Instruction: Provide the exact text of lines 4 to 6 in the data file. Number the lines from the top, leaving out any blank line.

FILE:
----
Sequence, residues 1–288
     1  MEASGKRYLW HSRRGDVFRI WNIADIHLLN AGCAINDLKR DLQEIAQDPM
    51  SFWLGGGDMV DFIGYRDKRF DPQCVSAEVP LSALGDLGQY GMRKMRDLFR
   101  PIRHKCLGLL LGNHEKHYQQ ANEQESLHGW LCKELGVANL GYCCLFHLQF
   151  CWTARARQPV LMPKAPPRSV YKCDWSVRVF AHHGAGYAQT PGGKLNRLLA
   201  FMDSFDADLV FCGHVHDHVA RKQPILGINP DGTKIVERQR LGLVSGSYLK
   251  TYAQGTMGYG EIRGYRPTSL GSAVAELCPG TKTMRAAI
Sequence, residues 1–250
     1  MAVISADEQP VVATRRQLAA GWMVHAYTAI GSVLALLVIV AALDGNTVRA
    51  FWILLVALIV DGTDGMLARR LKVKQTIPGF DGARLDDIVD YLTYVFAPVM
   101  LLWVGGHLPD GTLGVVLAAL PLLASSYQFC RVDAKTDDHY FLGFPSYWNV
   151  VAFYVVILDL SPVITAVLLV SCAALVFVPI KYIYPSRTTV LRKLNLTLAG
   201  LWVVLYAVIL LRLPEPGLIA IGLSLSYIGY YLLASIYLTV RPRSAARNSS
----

   101  PIRHKCLGLL LGNHEKHYQQ ANEQESLHGW LCKELGVANL GYCCLFHLQF
   151  CWTARARQPV LMPKAPPRSV YKCDWSVRVF AHHGAGYAQT PGGKLNRLLA
   201  FMDSFDADLV FCGHVHDHVA RKQPILGINP DGTKIVERQR LGLVSGSYLK